Workers should usually receive the same rate of pay whilst on annual leave, as what they would when they are working, but it may not be as simple to calculate an employee’s holiday pay as you think.
Previously you only had to calculate an employee’s holiday pay using their basic pay, you didn’t have to consider any commission or overtime. In the case of Williams v British Airways it was stated that ‘normal remuneration’ was to be used to calculate employee’s holiday pay, this included any payment in relation to the performance of contractual duties.
Later cases confirmed that much more actually needed to be considered when determining holiday pay. Commission, work related mileage, voluntary overtime, out of hours, on call and shift allowances all need to be considered when calculating. The calculations do not need to include any expenses or travel costs for accommodation.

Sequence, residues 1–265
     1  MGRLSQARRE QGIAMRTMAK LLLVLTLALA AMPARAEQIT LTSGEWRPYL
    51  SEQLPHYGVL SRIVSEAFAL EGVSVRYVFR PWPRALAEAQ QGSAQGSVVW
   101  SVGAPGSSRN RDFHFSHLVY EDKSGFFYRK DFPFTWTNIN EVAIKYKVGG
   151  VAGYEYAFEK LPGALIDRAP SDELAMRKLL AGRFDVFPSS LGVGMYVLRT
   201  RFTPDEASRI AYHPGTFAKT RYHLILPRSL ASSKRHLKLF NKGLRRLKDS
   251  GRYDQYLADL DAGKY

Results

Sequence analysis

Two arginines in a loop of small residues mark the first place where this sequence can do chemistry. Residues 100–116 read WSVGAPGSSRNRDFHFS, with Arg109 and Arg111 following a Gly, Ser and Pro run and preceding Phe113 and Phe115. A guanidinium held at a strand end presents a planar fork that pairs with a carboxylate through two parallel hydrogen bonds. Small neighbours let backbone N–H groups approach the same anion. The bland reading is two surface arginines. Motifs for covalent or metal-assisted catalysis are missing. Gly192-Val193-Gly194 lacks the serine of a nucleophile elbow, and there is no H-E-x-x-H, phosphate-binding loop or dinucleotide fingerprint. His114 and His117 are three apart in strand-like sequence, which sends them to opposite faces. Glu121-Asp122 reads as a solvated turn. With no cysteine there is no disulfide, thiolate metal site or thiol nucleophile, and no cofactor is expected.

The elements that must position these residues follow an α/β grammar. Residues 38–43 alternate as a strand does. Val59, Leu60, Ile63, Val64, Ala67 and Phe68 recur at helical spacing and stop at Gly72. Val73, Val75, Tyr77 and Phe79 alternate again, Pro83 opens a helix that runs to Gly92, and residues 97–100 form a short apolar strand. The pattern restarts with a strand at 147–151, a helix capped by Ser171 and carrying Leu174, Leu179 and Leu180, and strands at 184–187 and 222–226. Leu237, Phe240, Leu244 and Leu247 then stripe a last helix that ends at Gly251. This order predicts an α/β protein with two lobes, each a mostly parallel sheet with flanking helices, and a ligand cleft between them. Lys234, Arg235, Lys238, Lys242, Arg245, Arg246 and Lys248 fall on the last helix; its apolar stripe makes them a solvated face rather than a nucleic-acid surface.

Employees are entitled to 20 days’ paid holiday by EU law and 8 extra days from UK law. The rules on calculating pay do not apply to the whole of the employee’s entitlement, they apply only to the first 20 days of any annual leave.
Unfortunately for employers, employees can claim for previously underpaid holiday pay going back two years. Make sure you calculate holiday pay correctly to avoid incurring further financial liability and potential claims.
If you need any advice regarding holiday pay, get in touch with us 0115 870 0150 or email us at email@example.com.